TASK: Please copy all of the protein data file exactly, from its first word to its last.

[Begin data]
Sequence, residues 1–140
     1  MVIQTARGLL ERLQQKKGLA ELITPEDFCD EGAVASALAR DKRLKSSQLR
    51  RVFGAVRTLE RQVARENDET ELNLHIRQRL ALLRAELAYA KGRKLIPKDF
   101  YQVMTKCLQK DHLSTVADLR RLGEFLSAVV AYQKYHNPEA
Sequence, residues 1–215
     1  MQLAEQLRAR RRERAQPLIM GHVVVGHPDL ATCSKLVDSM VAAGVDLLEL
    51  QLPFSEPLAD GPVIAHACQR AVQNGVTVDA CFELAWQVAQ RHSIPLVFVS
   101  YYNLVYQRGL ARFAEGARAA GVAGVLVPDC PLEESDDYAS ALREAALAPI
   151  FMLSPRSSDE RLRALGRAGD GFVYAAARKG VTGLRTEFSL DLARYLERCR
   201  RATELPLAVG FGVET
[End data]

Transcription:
Sequence, residues 1–140
     1  MVIQTARGLL ERLQQKKGLA ELITPEDFCD EGAVASALAR DKRLKSSQLR
    51  RVFGAVRTLE RQVARENDET ELNLHIRQRL ALLRAELAYA KGRKLIPKDF
   101  YQVMTKCLQK DHLSTVADLR RLGEFLSAVV AYQKYHNPEA
Sequence, residues 1–215
     1  MQLAEQLRAR RRERAQPLIM GHVVVGHPDL ATCSKLVDSM VAAGVDLLEL
    51  QLPFSEPLAD GPVIAHACQR AVQNGVTVDA CFELAWQVAQ RHSIPLVFVS
   101  YYNLVYQRGL ARFAEGARAA GVAGVLVPDC PLEESDDYAS ALREAALAPI
   151  FMLSPRSSDE RLRALGRAGD GFVYAAARKG VTGLRTEFSL DLARYLERCR
   201  RATELPLAVG FGVET